No charges over black man's police shooting in Louisiana

Sébastien BLANC
Acting US Attorney Corey Amundson (C) announces the findings regarding the shooting of Alton Sterling on May 3, 2017 in Baton Rouge, Louisiana

Louisiana police will not face federal charges over the shooting of a 37-year-old African American man whose death sparked widespread protests, the US Justice Department said Wednesday, in a decision slammed by rights groups as a message of impunity.

Alton Sterling's videotaped shooting in Baton Rouge was one of a series of police killing of black men that triggered nationwide protests spearheaded by the "Black Lives Matter" movement.

Civil rights groups said the decision not to bring charges in the emblematic case -- the first taken under Donald Trump's incoming attorney general, Jeff Sessions -- sent a clear signal that "black lives don't matter."

Sterling was shot to death July 5, 2016 in a scuffle with two officers, Blane Salamoni and Howie Lake, outside a convenience store where he had been selling CDs.

During a 10-month probe, FBI agents and prosecutors reviewed images of the incident captured by body cameras, cellphones and store surveillance cameras as well as witness accounts and other evidence.

At the close of the investigation, the Justice Department said it found "insufficient evidence to support federal criminal charges" against either officer.

Members of Sterling's family were grief-stricken at the news.

"It hurts so bad," Sandra Sterling, the victim's aunt, told a local television station, choking back tears.

"All of this was for nothing."

- 'Public execution' -

According to investigators, Officer Salamoni, shouting "going for a gun," shot Sterling three times in the chest and then three more times in the back in an encounter that lasted less than 90 seconds.

The Justice Department said Lake subsequently found a .38 caliber revolver in Sterling's back pocket. No independent witness account has corroborated the police claim that Sterling reached for the gun.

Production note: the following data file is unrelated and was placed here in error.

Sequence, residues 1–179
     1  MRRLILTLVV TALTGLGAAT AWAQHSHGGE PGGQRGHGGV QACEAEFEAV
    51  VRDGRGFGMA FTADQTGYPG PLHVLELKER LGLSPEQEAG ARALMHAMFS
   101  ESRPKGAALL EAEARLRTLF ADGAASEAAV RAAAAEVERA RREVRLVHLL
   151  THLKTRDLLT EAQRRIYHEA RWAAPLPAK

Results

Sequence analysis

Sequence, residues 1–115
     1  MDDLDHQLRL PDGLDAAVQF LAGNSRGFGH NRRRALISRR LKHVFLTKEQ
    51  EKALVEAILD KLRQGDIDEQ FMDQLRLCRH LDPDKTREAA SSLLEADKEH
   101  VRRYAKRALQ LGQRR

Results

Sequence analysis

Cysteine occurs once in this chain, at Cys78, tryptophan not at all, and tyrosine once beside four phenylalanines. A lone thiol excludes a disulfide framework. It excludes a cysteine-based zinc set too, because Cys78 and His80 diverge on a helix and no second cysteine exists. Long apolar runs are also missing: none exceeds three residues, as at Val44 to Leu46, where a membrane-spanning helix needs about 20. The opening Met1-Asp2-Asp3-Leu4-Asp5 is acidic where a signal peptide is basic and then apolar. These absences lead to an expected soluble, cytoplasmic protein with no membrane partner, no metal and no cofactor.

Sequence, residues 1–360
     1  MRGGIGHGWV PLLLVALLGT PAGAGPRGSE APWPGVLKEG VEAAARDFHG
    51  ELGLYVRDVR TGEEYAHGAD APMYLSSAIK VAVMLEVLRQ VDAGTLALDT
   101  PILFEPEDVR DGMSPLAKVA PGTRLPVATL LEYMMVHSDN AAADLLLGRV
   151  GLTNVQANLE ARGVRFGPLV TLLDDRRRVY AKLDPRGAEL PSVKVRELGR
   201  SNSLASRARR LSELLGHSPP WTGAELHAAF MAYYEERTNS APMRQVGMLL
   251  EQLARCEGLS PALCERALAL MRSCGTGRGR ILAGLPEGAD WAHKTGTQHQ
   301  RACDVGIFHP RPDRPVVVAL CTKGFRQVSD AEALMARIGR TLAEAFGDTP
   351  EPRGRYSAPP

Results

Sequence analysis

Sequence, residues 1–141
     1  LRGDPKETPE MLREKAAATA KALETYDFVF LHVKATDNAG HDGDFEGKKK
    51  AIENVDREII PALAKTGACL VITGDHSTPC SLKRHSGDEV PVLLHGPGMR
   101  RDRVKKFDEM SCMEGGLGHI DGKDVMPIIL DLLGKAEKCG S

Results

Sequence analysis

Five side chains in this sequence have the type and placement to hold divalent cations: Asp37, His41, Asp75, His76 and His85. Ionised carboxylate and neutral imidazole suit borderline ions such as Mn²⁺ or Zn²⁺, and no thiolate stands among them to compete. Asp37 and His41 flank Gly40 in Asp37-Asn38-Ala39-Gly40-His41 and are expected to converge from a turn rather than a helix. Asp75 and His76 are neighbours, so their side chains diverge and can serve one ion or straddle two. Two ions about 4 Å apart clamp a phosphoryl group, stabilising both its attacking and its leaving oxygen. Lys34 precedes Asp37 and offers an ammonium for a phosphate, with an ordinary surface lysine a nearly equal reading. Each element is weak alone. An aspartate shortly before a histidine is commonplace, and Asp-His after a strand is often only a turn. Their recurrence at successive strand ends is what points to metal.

Nonetheless, the probe concluded that -- although videos show Sterling's right hand was not in or near his right pocket -- he was continuing to move, even after being shot three times.

At that point, it said, Officer Salamoni was lying on the ground, facing Sterling's back.

"Given these circumstances, the evidence cannot establish beyond a reasonable doubt that it did not appear to Officer Salamoni that Sterling was reaching for his pocket. Nor could the Department prove that the officer's conduct was willful," the Justice Department said.

The head of the Southern Poverty Law Center, which combats racism and extremism, called the decision not to press charges "deeply troubling."

"The American people need an answer as to why the final moments of Sterling's life looked less like a police stop and more like a public execution," said its head, Richard Cohen.

Civil rights group Color of Change said the decision showed that, as far as Trump's administration was concerned, "black lives do not matter."

Sterling's fatal shooting came amid a spate of race-tinged violence involving law enforcement. His death was followed by the killing of another black man, Philando Castile, a day later.

That victim was shot dead by police in his car -- in front of his girlfriend and her young daughter -- after he was pulled over near Minneapolis, Minnesota for a broken tail light.

The deaths sent shockwaves nationwide, fueling mass protests and a fierce debate over race and criminal justice.

The United States was then set on edge for weeks in July after a gunman shot and killed five officers in Dallas as peaceful protestors finished a march against police brutality. A similar assault took place in Baton Rouge, Louisiana, where three officers were shot dead by a former military veteran.